Before the Covid-19 pandemic, many businesses took their supply chain for granted. As well as the disruption caused by Covid, there was Brexit, shortages of key commodities, and labour shortages.
These challenges taught many organisations that their supply chains and sourcing programmes were not adequately prepared for such consistent disruption. Issues still continue into 2023 and businesses must build resilience into their supply chains. One way to build this strength is with an Enterprise Resource Planning (ERP) system to manage the supply chain and build resilience into operations. Below, we highlight some of the supply chain challenges that can be eased by using a modern ERP system, designed specifically for managing inventory across supply chains:
1. Lack of raw materials/oversupply
Material shortages and disruptions – both fuelled by Covid and geopolitical conflicts – continue to plague the supply chain. Rising demand combined with a lagging supply chain due to a lack of raw materials has now resulted in oversupply in some areas. With a decrease in demand due to inflation, oversupply may continue to be a problem in the short term.
How ERP can help: An ERP system gives visibility across the entire business and with integration into other business-critical systems, as well as supplier information, pain points like backlogged orders and missed shipments can be identified and mitigated before they cause disruptions.
2. Rising fuel and energy costs
Today’s rising fuel and energy costs are a huge threat to the bottom line, especially with no price cap on business energy costs. Add to that the high fuel costs and every stage of your supply chain is under threat of cost increases.
How ERP can help: An ERP system can help you identify and track costs in real-time, allowing you to find areas for cost saving. Once you start looking at the right data, the results can lead you to solutions you hadn’t imagined.
3. Labour shortages
It’s a well-known fact that the ongoing labour shortage affects warehouse operations, transport and manufacturing facilities. Labour shortages in every industry create a ripple effect out to multiple sectors, making this issue more difficult to solve. This risk can of course be managed through hiring processes, retention practices and compensation, but an ERP system can certainly play a role in helping to manage this issue.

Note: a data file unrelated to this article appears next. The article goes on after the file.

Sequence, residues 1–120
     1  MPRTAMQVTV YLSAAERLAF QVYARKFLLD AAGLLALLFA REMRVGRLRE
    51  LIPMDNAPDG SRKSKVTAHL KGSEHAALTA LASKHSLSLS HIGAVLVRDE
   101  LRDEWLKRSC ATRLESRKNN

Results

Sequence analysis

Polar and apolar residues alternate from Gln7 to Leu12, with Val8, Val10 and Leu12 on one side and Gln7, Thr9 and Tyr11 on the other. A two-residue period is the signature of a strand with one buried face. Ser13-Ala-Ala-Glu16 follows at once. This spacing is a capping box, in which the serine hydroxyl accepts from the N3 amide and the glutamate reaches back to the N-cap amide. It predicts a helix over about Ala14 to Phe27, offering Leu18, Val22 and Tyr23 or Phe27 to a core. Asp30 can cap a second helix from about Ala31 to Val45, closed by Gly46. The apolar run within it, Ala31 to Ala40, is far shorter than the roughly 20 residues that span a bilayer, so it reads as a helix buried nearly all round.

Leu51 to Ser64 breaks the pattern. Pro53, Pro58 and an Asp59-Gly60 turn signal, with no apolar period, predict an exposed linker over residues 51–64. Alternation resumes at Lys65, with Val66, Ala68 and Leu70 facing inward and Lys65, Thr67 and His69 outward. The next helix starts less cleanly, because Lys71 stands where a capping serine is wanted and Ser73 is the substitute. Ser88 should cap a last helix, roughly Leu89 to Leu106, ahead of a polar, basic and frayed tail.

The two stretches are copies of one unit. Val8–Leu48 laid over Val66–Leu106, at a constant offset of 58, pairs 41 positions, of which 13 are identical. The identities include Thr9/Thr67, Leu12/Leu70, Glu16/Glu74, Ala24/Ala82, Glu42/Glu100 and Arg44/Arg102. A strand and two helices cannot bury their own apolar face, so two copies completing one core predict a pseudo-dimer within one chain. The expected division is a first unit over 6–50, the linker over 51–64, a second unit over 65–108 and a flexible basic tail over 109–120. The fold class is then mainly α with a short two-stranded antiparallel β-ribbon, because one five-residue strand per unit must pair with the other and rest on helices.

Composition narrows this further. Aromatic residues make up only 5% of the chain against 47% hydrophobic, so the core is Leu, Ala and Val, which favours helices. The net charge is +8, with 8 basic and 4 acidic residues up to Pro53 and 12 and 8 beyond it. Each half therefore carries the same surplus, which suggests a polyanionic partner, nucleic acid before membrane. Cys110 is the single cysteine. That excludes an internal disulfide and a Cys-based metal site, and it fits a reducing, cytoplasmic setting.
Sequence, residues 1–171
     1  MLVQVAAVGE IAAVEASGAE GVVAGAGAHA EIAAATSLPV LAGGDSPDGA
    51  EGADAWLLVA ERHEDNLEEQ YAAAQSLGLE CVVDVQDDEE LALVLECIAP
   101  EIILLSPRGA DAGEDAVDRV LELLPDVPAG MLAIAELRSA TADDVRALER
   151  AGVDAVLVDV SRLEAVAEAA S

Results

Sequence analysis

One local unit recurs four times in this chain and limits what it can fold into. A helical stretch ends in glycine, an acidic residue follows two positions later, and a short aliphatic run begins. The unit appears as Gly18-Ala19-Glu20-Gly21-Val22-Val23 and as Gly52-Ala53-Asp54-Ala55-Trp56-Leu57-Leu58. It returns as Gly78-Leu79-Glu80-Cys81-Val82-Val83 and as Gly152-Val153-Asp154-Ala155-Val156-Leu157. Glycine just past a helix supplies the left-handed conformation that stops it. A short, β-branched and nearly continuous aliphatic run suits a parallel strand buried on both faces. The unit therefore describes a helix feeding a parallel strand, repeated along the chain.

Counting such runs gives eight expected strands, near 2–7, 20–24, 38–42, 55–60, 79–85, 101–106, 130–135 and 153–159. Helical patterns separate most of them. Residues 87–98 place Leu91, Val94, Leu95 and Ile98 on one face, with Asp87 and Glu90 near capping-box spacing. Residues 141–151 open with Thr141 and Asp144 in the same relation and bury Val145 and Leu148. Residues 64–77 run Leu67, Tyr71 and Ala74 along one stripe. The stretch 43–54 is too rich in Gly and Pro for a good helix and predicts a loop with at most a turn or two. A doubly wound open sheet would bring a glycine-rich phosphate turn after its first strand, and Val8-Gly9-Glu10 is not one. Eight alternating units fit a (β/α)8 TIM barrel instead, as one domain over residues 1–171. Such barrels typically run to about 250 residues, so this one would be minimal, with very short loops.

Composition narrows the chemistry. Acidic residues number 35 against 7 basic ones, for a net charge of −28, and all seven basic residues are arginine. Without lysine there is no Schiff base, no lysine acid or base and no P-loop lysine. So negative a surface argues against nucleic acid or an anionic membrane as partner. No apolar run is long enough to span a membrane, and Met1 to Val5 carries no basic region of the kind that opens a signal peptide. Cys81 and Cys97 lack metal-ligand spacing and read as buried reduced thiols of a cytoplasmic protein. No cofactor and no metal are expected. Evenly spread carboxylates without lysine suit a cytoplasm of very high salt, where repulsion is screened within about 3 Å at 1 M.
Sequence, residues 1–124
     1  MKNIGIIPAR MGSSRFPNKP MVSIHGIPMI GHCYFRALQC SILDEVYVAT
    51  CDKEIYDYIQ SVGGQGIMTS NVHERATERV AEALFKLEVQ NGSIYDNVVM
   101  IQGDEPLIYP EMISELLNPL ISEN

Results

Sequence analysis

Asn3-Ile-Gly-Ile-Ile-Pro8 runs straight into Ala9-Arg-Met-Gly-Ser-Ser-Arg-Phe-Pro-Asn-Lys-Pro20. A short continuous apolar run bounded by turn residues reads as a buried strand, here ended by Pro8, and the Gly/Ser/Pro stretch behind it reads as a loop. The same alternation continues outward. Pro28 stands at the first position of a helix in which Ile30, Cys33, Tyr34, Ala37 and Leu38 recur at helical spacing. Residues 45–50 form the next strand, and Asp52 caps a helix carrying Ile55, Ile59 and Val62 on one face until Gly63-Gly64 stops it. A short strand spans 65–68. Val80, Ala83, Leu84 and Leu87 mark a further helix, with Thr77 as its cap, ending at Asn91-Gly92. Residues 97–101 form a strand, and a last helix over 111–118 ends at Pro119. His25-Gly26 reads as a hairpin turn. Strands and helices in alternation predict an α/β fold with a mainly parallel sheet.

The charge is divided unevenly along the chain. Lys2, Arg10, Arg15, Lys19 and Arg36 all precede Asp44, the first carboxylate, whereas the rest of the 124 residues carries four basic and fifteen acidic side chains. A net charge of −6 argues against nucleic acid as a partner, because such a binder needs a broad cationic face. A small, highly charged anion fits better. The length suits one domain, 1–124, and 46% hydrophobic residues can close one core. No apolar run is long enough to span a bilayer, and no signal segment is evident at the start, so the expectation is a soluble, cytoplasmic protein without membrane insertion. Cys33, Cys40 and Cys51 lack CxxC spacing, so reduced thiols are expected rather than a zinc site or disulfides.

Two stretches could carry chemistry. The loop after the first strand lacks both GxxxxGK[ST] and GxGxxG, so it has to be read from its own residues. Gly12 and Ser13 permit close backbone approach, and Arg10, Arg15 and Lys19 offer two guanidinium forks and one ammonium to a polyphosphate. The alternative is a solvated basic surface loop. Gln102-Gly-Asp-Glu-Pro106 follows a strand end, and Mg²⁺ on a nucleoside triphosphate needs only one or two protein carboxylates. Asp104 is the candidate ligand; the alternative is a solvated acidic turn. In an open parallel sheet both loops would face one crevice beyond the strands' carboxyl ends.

How ERP can help: By enabling you to automate manual tasks and processes, you can accelerate your operation and improve accuracy. The ERP system can instantly trigger the next step of your supply chain process, allowing users to focus on value-added tasks and reducing the demands for labour resources.
4. Increasing inflation
The effects of inflation on the supply chain industry are a complex issue. Inflation impacts the supply chain at every step – from sourcing raw materials and parts to transporting goods, to packaging and storage – forcing companies to evaluate their next move constantly.
There is no easy way to mitigate this impact. Many companies have chosen to carry more inventory to combat delays, increasing warehousing and storage costs. But as inflation is starting to bite, consumer spending is decreasing, causing many companies to have excess inventory.
How ERP can help: By providing visibility across the business and the supply chain, as well as having access to real-time data and the ability to collaborate across the supply chain, businesses can focus on more complex tasks at hand to solve these challenges.
5. Lack of sustainability
Businesses need to build sustainable practices into their supply chains to reduce costs and waste, improve efficiency and enhance regulatory compliance. In fact, in Deloitte’s 2021 survey, 2021 Climate Check: Business’ views on environmental sustainability, almost half of the 750 executives surveyed reported that their environmental sustainability initiatives measurably boosted their corporate financial performance.
How ERP can help: An ERP system can help you to measure your carbon footprint, as well as add sustainable practices to your business processes, which can then be measured. As mentioned above in point 2, costs can be identified and tracked, helping you to become more sustainable.
6. Regulatory compliance
Most supply chains share common compliance risks, ranging from environmental compliance, social and governance, labour law compliance and health and safety laws, among others. Add to that the German Supply Chain act and other planned directives across the EU and North America and you have a whole lot of rules and regulations to keep track of and adhere to.
How ERP can help: A modern ERP system should come with regulatory compliance packs for many countries, allowing you to manage the latest regulatory versions. In addition, an ERP system will provide you with full traceability.
Sage X3 ERP from Inixion
Most of these issues depend on having visibility across the supply chain and the ability to deal with market volatility and new challenges quickly. Visibility and agility are not possible without having a modern ERP system, like Sage X3, providing a single-version-of-truth with all relevant real-time data, as well as having the ability to quickly adjust processes in your business system to adapt to changes.
Sage X3 has specific supply chain and inventory management functionality and integrates with other business-critical systems, providing you with a single overview of everything that is happening in your supply chain. This enables you to forecast with ease, plan ahead and stay compliant. In addition, it’s highly configurable, providing the ability to adjust processes in line with new requirements and your unique business needs.
Check our guide ‘Solving supply chain woes‘ to discover the future of supply chains and the role of ERP in supply chain management.